Of the 771 patients, 674 underwent catheter ablations for AF; 39 were lost to follow-up within the three-month period after the ablation and were excluded from the study. Of the 97 patients who were not treated, 27 were excluded due to a LA thrombus and the other 70 patients declined the procedure. A total of 1065 ablations were performed on our 635 patients. There were 329 patients (52%) who underwent one procedure, 204 patients (32%) who required two procedures, 80 patients (12.6%) who required the procedure three times, and only 22 patients (3%) who required four procedures.
MAINTAINING SINUS RHYTHM AFTER CATHETER ABLATION
After a mean follow-up period of 836 ± 605 days, 517 were in SR (81.4%). AF ablations are significantly more effective in maintaining SR in patients with paroxysmal AF (226 of 254 patients [90%]) and persistent AF (124 of 146 patients [86%]) compared with those with permanent AF (167 of 235 patients [70%]). Of the 517 patients who remained in SR, only 68 patients (13%) required antiarrhythmic agents to maintain SR (48 amiodarone, 19 sotalol, and 1 dofetilide).
MORTALITY REDUCTION AFTER MAINTAINING SINUS RHYTHM FOLLOWING ABLATION
Interestingly, maintaining SR was associated with improved survival rate compared to those whose AF ablation failed to restore SR (P <0.0001). Over the follow-up period, there were 29 deaths: 15 patients who remained in SR and 14 who remained in AF died. Patients whose AF ablation was effective in maintaining SR had a much lower 5-year mortality rate (8%) than those with recurrent AF after the ablation (36%; P <0.0001) (Figure 36-4). It is possible that patients whose AF ablation failed to restore SR had more advanced heart disease or unrecognized risk factors that prevented them from maintaining SR and unfavorably influenced their overall survival. However, with the exception of the LA size and duration of AF, which were greater in patients who did not respond to AF ablation, there were no differences in terms of baseline patient characteristics, including EF. Multivariate analysis and Cox regression analysis convincingly show SR to be an independent predictor of a favorable prognosis, whereas EF, hypertension, and female gender had little effect. Sinus rhythm is an independent predictor of increased survival. Patients who maintained SR regardless of baseline EF had a lower mortality rate than their counterparts on the same corresponding EF stratum (Figure 36-5).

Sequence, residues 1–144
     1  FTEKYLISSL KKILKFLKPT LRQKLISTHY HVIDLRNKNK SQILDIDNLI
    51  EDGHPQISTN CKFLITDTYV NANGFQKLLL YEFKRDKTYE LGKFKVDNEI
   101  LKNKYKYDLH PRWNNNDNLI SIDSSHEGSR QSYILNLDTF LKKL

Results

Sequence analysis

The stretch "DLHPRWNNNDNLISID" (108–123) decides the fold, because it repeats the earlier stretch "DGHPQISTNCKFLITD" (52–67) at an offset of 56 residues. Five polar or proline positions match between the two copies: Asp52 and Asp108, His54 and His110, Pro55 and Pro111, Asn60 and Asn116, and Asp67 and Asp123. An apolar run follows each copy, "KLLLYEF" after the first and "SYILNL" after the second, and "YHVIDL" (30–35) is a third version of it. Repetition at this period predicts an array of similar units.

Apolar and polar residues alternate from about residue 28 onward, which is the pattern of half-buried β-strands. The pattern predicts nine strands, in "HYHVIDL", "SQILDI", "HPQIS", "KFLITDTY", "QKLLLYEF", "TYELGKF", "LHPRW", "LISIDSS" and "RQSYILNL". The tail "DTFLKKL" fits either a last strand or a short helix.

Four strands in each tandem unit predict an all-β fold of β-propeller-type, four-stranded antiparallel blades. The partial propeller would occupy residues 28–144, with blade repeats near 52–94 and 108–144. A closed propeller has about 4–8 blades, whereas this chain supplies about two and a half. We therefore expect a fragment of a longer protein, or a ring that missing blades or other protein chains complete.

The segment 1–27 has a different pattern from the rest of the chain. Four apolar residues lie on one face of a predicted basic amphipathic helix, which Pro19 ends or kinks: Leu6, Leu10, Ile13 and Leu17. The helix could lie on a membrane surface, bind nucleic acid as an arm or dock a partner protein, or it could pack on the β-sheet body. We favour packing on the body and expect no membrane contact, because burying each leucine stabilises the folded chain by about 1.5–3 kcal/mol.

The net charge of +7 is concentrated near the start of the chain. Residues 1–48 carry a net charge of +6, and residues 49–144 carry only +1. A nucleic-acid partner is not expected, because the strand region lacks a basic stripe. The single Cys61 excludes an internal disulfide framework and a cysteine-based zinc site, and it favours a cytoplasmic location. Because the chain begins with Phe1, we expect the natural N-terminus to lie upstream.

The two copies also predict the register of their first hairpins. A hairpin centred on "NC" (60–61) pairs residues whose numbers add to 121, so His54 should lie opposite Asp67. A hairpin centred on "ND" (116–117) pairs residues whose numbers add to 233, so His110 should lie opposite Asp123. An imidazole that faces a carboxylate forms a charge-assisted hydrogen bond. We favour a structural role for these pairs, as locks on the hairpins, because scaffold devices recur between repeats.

FIGURE 36-4 Kaplan-Meir curve demonstrating improved survival in patients who remained in sinus rhythm from all-cause mortality compared to patients who remained in AF.
FIGURE 36-5 Multiple overlay Kaplan-Meir survival curves among four strata of patients: (1) patients with an EF >40% and NSR (orange circle); (2) patients with an EF ≤40% and NSR (green circle); (3) patients with an EF >40% and AF (magenta circle); and (4) patients with an EF ≤40% and AF (blue circle).
The reason that patients who had a lower EF (<40%) but maintained SR fared better is probably the significant recovery of their ventricular function after restoring SR. The average EF increased from a mean of 31% prior to ablation to 41% following successful ablation (P <0.001). In contrast, patients who had recurrent AF after ablation had no change in their EF (Figure 36-6). Our data dovetail nicely with the findings of Hsu et al21 and Gentlesk et al22 that many AF patients with a depressed baseline EF show improvement in their EF after SR has been restored with a successful AF ablation.
FIGURE 36-6 Comparison of individual changes of EF before and after ablation: Normal sinus rhythm (NSR) patients after ablation VS. AF patients after ablation: Pre = preablation and Post = 6-12 months postablation.
RELATION BETWEEN DISCONTINUATION OF ANTICOAGULATION THERAPY AND BLEEDING, STROKE, AND EMBOLIC INCIDENCE
Warfarin theray was discontinued in 434 patients (72.7%) whose AF was maintained after catheter ablation. Eleven patients experienced a major stroke or TIA. In the patients who discontinued warfarin, three patients developed a major stroke and two patients had a TIA compared with six patients in the group who required ongoing anticoagulation (five ischemic strokes and one fatal intracranial hemorrhage). The Kaplan-Meier curves for stroke rate are shown in Figure 35-7. The 5-year stroke rate was 3% in the group of patients who were off warfarin compared with 23% in the group of patients who remained in AF and continued taking warfarin (P = 0.004).